Moa Si brought us to a homestay not too far from Banteay Chhmar temple. The homestay was clean and their squat toilet was spotless. But you have to keep in mind that this is a rural town and there is no electricity. They provide you a bottle of water, a candle, and mosquito coil incense. If you want to clean yourself, you will have to go to the moat! After we dropped off our backpacks, we walked around the village and saw the villagers running daily errands. Most of them were very friendly. A few of them were trying to talk to us but our limited Cambodian language skills got us no where! Oh well, a smile is always a friendly exchange.
Moa Si and his crew made us a simple dinner that evening – and they cooked so much for us that there was no way we could finish all the food. During our dinner Moa Si gave us a lot of details of their organization and how they used their earnings to improve the moat around the temple and help the local community. From what we understood their community based tourism was started not too long ago and they were still in the stage of perfecting their service. But I have to say that Moa Si was an excellent host and he went all the way to ensure that we had a great time in Banteay Chhmar.
Moa Si and his taxi driver came to pick us up from the homestay the next morning and brought us to the CCBEN office for breakfast. (He told us that all their chefs were trained in some renowned restaurants in Siem Reap – but don’t get too excited – the dinner they provided was salty scrambled eggs and stir-fried vegetables.) After breakfast he brought us to the Temple of Banteay Chhmar, which is just right across the street from the CCBEN office. He told us that the 25-year restoration project of Banteay Chhmar was started about 4 months ago. Judging by the fact that there were so many collapsed walls and overgrown vegetations, it will be a huge undertaking to restore the temple.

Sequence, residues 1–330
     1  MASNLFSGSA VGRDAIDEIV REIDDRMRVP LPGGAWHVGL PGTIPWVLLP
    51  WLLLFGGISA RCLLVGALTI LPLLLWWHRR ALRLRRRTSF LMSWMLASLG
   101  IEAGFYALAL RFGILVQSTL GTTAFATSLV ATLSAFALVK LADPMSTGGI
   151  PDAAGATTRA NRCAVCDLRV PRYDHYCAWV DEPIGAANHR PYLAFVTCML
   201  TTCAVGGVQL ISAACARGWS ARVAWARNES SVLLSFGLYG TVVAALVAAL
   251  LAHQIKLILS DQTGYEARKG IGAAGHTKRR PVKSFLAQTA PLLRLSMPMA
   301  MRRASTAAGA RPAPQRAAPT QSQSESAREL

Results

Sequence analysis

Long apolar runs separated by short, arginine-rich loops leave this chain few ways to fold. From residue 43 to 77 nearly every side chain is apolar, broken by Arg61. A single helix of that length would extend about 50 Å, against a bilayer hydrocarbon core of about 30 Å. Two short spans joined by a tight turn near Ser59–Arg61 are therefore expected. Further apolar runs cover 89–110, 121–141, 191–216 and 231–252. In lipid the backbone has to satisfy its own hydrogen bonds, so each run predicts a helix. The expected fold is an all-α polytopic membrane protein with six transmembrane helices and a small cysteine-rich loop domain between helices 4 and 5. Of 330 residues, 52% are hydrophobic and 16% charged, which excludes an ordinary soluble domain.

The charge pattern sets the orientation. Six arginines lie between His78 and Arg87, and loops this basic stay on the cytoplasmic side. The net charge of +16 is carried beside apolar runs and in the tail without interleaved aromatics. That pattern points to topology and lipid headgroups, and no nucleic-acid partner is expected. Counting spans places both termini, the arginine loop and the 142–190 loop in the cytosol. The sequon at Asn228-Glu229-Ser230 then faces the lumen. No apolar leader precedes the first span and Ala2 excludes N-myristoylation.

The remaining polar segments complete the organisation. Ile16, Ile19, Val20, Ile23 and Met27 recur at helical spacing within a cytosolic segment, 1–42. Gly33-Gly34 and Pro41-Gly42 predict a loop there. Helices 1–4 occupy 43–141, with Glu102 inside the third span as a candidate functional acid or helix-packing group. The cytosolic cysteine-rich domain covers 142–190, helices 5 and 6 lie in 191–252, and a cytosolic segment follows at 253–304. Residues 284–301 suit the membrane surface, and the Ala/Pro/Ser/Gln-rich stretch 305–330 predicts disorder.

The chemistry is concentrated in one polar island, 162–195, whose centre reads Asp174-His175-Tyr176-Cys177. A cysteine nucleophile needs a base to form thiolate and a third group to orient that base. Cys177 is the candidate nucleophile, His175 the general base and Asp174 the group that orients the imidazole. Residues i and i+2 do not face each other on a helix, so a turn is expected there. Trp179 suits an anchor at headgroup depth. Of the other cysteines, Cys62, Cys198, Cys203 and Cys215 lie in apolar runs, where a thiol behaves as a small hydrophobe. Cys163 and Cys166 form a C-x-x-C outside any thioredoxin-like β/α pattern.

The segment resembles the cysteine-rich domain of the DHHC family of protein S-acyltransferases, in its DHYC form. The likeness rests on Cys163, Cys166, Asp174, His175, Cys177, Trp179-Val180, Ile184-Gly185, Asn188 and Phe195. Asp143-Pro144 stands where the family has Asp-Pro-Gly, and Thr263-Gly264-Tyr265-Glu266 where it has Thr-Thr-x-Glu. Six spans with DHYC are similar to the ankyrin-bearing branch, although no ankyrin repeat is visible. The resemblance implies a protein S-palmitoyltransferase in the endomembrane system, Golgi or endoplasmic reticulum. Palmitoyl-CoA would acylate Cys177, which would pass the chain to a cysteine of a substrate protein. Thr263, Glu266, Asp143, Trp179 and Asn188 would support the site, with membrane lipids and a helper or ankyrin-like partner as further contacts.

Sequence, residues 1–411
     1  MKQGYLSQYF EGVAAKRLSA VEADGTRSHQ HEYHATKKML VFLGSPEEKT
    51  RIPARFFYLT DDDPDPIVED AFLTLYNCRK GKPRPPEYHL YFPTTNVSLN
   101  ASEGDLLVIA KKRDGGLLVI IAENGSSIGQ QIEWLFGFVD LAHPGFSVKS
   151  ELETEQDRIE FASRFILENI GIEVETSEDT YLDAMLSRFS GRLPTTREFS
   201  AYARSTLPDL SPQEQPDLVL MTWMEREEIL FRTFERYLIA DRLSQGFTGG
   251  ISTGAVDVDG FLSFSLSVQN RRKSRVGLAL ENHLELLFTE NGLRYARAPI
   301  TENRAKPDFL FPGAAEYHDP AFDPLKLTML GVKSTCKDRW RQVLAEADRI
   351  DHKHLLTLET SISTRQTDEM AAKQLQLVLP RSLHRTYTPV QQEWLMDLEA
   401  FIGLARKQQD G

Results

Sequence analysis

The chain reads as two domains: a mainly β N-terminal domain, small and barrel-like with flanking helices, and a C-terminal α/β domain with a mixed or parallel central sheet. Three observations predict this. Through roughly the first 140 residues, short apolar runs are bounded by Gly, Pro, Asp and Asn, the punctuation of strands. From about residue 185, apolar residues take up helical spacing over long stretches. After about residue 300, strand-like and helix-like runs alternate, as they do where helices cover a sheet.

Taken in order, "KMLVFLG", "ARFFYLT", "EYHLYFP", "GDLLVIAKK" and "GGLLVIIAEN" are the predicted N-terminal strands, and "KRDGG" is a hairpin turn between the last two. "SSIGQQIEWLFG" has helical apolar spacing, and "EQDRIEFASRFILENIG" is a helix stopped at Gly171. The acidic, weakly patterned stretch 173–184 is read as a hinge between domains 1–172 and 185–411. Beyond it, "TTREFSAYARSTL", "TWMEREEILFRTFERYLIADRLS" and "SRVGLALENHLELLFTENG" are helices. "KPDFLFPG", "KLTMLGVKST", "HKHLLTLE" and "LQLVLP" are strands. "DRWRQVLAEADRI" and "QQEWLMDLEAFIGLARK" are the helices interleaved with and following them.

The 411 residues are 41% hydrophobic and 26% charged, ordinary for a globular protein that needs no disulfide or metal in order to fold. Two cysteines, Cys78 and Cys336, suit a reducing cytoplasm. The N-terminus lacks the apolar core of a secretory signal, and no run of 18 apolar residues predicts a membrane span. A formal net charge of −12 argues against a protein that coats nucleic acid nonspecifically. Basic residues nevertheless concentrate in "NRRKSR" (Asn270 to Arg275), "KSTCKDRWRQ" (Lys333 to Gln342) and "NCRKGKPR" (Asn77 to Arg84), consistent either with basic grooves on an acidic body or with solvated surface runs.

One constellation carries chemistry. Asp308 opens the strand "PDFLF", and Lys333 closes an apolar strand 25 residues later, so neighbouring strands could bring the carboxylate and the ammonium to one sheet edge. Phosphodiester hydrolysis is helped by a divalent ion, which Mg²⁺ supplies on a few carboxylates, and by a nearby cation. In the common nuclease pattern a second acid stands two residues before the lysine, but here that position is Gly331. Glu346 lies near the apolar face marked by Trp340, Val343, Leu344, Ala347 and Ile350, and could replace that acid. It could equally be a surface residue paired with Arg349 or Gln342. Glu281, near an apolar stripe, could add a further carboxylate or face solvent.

When we were there everything was in its “natural state”. It was quite an adventure to climb over the collapsed masonry to get from one temple to another (I don’t recall there was any clear path – you will be glad that you have your hiking boots on!). Yes, this place was a true hidden jewel and was hardly busy – we saw their admission record and found that the last group of tourists who came before us was five days ago! Needless to say, you pretty much have the whole place to yourself.
Moa Si gave us vivid stories of the bas-reliefs – we were fortunate to have him as our guide.
After the visit Moa Si brought us to Banteay Torp – a temple which was built on a small hill. Stunning view and impressive towers. We were awed by the tall towers and found that there were still wood carvings on the upper portion of the towers after all these years.
If you want to experience authentic rural living and avoid the high volume of tourists in Angkor Wat, this is definitely an option. We were very pleased with CCBEN’s service and would not hesitate to recommend it to anyone who is considering going there.
#5 shumium has been a member since 28/12/2007. Posts: 11